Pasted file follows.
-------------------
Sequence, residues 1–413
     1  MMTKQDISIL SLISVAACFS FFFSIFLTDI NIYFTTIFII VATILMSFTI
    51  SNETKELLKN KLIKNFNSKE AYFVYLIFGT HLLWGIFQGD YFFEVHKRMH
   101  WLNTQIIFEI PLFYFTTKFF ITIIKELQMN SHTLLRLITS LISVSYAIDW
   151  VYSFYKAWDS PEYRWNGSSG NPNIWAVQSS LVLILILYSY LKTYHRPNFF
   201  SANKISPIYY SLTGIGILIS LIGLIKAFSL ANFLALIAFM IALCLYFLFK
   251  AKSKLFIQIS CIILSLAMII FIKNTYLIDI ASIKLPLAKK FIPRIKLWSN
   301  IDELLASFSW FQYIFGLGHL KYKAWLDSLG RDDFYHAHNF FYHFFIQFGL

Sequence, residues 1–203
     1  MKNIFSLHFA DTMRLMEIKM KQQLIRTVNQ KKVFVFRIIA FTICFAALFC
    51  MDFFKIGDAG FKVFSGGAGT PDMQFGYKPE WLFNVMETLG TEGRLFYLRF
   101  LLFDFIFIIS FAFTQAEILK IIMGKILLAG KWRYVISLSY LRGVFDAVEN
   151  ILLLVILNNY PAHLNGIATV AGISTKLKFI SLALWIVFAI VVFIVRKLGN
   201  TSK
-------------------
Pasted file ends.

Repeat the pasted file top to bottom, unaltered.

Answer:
Sequence, residues 1–413
     1  MMTKQDISIL SLISVAACFS FFFSIFLTDI NIYFTTIFII VATILMSFTI
    51  SNETKELLKN KLIKNFNSKE AYFVYLIFGT HLLWGIFQGD YFFEVHKRMH
   101  WLNTQIIFEI PLFYFTTKFF ITIIKELQMN SHTLLRLITS LISVSYAIDW
   151  VYSFYKAWDS PEYRWNGSSG NPNIWAVQSS LVLILILYSY LKTYHRPNFF
   201  SANKISPIYY SLTGIGILIS LIGLIKAFSL ANFLALIAFM IALCLYFLFK
   251  AKSKLFIQIS CIILSLAMII FIKNTYLIDI ASIKLPLAKK FIPRIKLWSN
   301  IDELLASFSW FQYIFGLGHL KYKAWLDSLG RDDFYHAHNF FYHFFIQFGL

Sequence, residues 1–203
     1  MKNIFSLHFA DTMRLMEIKM KQQLIRTVNQ KKVFVFRIIA FTICFAALFC
    51  MDFFKIGDAG FKVFSGGAGT PDMQFGYKPE WLFNVMETLG TEGRLFYLRF
   101  LLFDFIFIIS FAFTQAEILK IIMGKILLAG KWRYVISLSY LRGVFDAVEN
   151  ILLLVILNNY PAHLNGIATV AGISTKLKFI SLALWIVFAI VVFIVRKLGN
   201  TSK